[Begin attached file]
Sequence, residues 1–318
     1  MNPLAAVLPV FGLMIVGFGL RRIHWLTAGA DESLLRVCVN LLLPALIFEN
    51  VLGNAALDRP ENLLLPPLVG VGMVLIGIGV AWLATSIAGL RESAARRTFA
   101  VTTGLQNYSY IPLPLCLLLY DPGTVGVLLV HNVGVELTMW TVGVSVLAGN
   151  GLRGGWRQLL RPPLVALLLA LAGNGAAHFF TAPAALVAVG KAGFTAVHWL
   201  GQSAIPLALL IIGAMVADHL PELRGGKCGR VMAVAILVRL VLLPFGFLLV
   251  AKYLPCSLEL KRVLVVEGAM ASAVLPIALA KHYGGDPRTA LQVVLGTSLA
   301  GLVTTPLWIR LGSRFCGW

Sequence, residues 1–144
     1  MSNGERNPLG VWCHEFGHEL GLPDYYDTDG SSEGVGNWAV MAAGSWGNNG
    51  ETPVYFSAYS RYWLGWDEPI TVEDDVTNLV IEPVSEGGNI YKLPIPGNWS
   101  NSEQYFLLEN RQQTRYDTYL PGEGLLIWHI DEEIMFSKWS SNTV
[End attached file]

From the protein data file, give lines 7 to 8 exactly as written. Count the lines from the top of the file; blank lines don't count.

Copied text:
   251  AKYLPCSLEL KRVLVVEGAM ASAVLPIALA KHYGGDPRTA LQVVLGTSLA
   301  GLVTTPLWIR LGSRFCGW